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The Herald Repeats The Record’s False “More Important Club” Than Celtic Quote.

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The Herald has stooped to lazy journalism – if we’re being generous – by parroting The Daily Record’s nonsense that Alex McLeish said Kieran Tierney would be joining a “more important club” than Celtic if he went to Napoli.

I did a piece on this earlier.

The Record did not accurately report what McLeish said.

That a newspaper like The Herald has reported this piece of outright nonsense as if it were a fact does no credit whatsoever. I know standards have slipped across the boards there, but to simply repeat, verbatim, what is manifestly untrue is shoddy, shoddy stuff.

This claim appears as part of their “rolling commentary” blog, which is basically a way of recycling every garbage rumour out there and pretending they breaking news.

This is a common thing now the media, and it lowers standards more than ever.

Remember the days when the media used to write factual stories?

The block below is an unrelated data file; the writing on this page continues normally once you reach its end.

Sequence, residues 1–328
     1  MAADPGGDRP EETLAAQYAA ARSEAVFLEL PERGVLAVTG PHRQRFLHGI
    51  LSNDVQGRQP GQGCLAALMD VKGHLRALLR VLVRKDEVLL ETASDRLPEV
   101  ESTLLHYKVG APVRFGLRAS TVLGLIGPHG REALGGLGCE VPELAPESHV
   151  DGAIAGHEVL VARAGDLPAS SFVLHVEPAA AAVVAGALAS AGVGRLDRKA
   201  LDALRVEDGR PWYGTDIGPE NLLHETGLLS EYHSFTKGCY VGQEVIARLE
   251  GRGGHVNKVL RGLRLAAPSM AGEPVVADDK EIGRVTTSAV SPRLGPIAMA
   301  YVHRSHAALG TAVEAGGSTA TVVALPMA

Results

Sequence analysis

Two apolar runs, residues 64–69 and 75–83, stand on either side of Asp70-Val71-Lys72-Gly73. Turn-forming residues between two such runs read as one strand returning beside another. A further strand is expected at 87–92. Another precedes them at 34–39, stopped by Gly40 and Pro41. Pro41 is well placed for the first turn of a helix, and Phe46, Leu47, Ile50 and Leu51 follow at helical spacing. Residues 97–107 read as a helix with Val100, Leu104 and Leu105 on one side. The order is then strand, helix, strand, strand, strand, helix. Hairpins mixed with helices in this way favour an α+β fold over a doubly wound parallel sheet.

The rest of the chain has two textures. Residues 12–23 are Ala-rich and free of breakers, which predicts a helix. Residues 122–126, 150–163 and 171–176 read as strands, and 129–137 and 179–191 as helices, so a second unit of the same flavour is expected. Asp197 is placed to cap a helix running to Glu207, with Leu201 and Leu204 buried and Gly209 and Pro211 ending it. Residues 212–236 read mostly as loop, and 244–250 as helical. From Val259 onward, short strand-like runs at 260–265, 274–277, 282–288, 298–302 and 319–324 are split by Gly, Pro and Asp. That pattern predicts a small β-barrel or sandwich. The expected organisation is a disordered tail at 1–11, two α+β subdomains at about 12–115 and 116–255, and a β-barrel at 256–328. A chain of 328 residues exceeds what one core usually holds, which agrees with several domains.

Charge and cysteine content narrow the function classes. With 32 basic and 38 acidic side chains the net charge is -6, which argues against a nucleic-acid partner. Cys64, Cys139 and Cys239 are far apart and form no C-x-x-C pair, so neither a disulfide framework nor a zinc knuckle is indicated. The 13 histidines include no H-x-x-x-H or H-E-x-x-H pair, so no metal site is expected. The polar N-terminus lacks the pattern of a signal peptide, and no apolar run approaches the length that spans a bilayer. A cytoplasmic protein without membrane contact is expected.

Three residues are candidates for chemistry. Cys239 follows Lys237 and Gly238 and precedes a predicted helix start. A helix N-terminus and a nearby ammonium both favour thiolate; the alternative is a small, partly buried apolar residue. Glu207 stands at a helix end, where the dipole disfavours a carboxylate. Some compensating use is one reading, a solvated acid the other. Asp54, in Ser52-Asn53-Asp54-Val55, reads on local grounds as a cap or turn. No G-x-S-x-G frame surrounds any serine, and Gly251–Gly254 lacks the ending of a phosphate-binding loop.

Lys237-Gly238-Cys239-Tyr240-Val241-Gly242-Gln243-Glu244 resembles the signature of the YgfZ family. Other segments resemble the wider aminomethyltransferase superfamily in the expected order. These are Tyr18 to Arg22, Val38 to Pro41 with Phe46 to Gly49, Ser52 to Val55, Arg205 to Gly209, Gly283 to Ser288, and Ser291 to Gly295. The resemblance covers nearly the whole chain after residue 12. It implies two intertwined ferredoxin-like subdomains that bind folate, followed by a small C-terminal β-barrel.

Now they regurgitate all manner of rot.

“Alex McLeish has claimed Celtic star Kieran Tierney is ready to join ‘a more important club than Celtic.’ in a report in today’s Daily Record,” the segment reads.

Except, of course, McLeish said no such thing and The Record simply put those words in his mouth.

Even the most basic would have revealed the ex-Scotland manager’s actual words, which were that he would be moving to a club “at a higher level than Celtic” which is an entirely different thing.

I understand The Record doing this, but The Herald is supposed to be a cut above the tabloid rags.

That it now uses as source material is shameful.

There was a time when newspapers actually produced original content; now they recycle each other’s most ludicrous stories, without even bothering to verify them.

A couple of recent cases in point include the story about the NewCo being after Martin Skrtel – which, by coincidence, surfaced on the day after we’d spent £7 million on Jullien – and the story yesterday about our new boy’s alleged “tussle” with Alfredo Morelos, which was a nothing story about a nothing incident.

Click-bait is one thing, but when newspapers repeating each other’s stories and those stories include quotes which appear to be wholly made up – but why let facts get in the way of anti-Celtic story? – that’s a different matter entirely.

It was Jonathon Swift who said “Falsehood flies, and the truth comes limping after it.”

Well, falsehood has never moved faster than it does today, and irony of ironies, it’s the media that is disseminating much of it at superfast broadband speed.

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